The title of this work illustrates the two difficulties which the chosen theme poses, difficulties which arise from the confrontation between collective a individual interests. On the one hand, the criminal process is based on the protection of society; on the other hand, human rights implies respect for all individuals implicated in that process, be they victim, witness or accused. A third difficulty arises in relation to the new influence of European law. While the right to judge has long appeared to be the most obvious indication of national sovereignty, it is now subject to supranational control a a State can be censured by the European Court of Human Rights. Part One of this volume analyses the period of reform in various Eastern a Western European countries; Part Two explores the debate among jurists, historians, sociologists a philosophers on the subject of the criminal trial in a democratic society. Finally, Part Three reflects on the issue within the context of the European Community a the European Council a explores the question of a future model for the European criminal trial. Professor Mireille Delmas-Marty teaches at l'Universite de Paris I Pantheon Sorbonne a is a member of l'Institut Universitaire de France. She is the editor of The European Convention for the Protection of Human Rights, International Protection versus National Restrictions (Martinus Nijhoff Publishers, 1992.)If, however, criminal law policy and the problems it entails are viewed in the context of the crisis of the welfare state, it can be seen just how naive it is to believe that a ... Cf. Th.W. van Veen, Over samenleving en criminaliteit, DD 15 ( 1985), pp.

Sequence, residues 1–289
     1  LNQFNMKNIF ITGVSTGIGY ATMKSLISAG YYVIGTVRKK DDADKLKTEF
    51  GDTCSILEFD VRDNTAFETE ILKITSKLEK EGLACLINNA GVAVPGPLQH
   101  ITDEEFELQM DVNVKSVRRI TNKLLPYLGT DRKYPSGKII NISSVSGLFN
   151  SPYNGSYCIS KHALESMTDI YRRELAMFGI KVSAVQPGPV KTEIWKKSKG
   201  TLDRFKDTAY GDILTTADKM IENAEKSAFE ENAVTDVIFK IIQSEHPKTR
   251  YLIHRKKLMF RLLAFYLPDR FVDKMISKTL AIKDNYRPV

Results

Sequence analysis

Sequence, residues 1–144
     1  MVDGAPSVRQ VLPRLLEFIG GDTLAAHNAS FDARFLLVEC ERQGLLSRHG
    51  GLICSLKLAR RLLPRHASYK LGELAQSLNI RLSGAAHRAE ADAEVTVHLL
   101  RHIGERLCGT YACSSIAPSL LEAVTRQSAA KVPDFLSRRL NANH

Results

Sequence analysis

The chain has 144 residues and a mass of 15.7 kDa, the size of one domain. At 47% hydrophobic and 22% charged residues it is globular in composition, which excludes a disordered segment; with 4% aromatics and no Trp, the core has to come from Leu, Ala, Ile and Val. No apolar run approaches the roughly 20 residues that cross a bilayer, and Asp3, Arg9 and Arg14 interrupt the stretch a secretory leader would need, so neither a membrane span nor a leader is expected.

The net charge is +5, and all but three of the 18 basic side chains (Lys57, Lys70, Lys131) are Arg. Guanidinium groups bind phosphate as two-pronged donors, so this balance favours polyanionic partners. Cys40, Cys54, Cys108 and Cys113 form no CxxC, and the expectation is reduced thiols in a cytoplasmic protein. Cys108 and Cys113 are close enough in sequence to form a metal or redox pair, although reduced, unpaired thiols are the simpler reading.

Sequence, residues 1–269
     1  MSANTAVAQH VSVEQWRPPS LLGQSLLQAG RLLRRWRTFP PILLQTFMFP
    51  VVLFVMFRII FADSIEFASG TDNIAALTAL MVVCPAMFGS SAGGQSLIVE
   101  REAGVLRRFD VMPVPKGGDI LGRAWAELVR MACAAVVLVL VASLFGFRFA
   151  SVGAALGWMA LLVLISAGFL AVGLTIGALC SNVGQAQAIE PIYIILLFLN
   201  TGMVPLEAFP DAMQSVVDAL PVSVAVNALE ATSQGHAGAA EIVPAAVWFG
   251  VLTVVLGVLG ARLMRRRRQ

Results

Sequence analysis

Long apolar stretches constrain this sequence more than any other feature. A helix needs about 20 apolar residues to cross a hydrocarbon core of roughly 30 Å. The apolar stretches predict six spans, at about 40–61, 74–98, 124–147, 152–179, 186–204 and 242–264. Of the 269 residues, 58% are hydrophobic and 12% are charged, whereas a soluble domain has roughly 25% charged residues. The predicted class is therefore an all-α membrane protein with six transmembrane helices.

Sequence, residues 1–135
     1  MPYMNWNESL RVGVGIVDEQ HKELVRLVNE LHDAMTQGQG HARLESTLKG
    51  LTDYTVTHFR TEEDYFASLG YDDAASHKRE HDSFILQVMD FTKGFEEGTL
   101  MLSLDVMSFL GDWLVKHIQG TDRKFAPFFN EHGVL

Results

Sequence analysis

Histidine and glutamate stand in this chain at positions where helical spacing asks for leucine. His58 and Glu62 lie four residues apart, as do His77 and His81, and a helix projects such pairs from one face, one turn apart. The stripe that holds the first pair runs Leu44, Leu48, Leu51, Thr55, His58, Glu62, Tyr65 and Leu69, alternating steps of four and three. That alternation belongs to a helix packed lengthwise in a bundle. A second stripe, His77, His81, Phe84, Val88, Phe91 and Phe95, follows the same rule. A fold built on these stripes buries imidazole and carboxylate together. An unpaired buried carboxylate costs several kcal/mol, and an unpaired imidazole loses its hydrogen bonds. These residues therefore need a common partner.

|Title||:||Criminal Law in Action|
|Author||:||Jan van Dijk|
|Publisher||:||Martinus Nijhoff Publishers - 1988|